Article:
January 12, 2015

Social Security’s Top 10 Disabilities in (Almost) Real Terms

By Tai of Allsup

My college math professor was aptly named Mr. Rhee (…mystery, get it?).

But if you insert public health implications into those math equations, my numerically-challenged brain transforms.

That’s when I get interested. I like mining research and translating confidence intervals into golden nuggets of information that people can actually understand and use to make informed choices about their health and finances.

Disabilities That Qualify For SSDI Benefits

The Social Security Administration (SSA) provides a formidable challenge when trying to do this for people seeking information about Social Security Disability Insurance (SSDI) benefits.

Case in point: Brain Injury Awareness Month is coming up in March. How many people with traumatic brain injury (TBI) apply for SSDI benefits each year? How many are awarded? How many currently receive SSDI benefits? I don’t know because SSA does not publish that type of specific information.

TBI and other conditions, such as bipolar disorder, stroke and diabetes, are lumped together with other conditions into broader categories, such as organic mental disorders, mood disorders, nervous system and sense organs and endocrine disorders. That’s why it’s difficult to attach definitive numbers to these specific and other prevalent conditions, such as fibromyalgia and lupus.

Broader Categories Of Disabilities

The “2013 Annual Statistical Report on the Social Security Disability Insurance Program” provides a list of the top 10 diagnostic categories.

Almost a third (30.5 percent) of SSDI beneficiaries have a musculoskeletal system and connective tissue diagnosis. What we don’t know is how many of those individuals had to stop working because of fibromyalgia, amputation or spinal cord injury.

I work with dynamic individuals from various nonprofit organizations who point out the lack of awareness, research and education regarding the conditions they represent. They know the needs that exist in their communities, but too often they are underrepresented.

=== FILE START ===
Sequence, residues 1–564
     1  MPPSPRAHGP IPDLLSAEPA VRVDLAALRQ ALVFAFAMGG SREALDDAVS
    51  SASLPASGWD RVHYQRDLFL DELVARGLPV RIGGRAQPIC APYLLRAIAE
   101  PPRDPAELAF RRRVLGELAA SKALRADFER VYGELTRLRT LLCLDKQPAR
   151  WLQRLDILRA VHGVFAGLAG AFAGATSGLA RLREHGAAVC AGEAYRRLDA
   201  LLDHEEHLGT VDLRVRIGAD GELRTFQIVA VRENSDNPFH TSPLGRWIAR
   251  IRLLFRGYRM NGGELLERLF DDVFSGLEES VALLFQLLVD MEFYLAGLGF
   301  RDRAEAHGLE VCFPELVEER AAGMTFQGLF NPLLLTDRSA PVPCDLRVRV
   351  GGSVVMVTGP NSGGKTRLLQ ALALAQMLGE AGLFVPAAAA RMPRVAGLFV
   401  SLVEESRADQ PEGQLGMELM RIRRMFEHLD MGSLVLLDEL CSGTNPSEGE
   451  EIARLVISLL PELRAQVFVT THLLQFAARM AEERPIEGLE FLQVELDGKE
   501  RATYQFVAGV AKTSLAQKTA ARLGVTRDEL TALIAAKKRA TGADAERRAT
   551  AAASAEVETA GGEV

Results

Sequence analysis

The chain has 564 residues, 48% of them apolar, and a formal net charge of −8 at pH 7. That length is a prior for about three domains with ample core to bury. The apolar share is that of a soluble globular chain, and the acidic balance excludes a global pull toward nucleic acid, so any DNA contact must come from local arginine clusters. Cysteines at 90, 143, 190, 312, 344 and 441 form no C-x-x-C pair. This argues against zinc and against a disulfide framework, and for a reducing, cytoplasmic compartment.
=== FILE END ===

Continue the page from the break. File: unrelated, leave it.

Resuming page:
The SSA is a goldmine of quantifiable information that could aid in advocacy, outreach and education efforts. Allsup will continue to conduct our own research and disseminate the information we receive. But if you’d like to see more, ask the SSA to collect and report statistics you can use. The agency is seeking feedback now through its Open Government Initiative.

Top 10 Diagnostic Groups

Here are the top 10 diagnostic groups that receive Social Security Disability Insurance benefits, based on the SSA’s data.

  1. Musculoskeletal system and connective tissue: 30.5 percent of SSDI beneficiaries. Includes osteoarthritis, fibromyalgia, spinal cord injury, carpal tunnel, degenerative disc disease, amputations and more.
  2. Mood disorders: 14.9 percent. Includes bipolar disorder, depression and more.
  3. Nervous system and sense organs: 9.3 percent. Includes stroke, Meniere’s disease and more.
  4. Circulatory system: 8.3 percent. Includes coronary artery disease, peripheral vascular disease and more.
  5. Schizophrenia and other psychotic disorders: 4.8 percent.
  6. Intellectual disability: 4.1 percent. Includes those with developmental disabilities.
  7. Injuries: 4.0 percent. Includes burns, fractures and more.
  8. Other mental disorders: 3.9 percent. Includes generalized anxiety disorder, borderline personality disorder and more.
  9. Organic mental disorders: 3.4 percent. Includes traumatic brain injury, Alzheimer’s disease, Korsakoff’s syndrome and more.
  10. Endocrine disorders: 3.3 percent. Includes diabetes mellitus, diabetes insipidus, hyperthyroidism and more.

If you’re thinking about applying for SSDI benefits, or need to file a disability appeal, contact Allsup at (800) 678-3276 for a free disability evaluation.

Click here to reach an Allsup SSDI specialist online.

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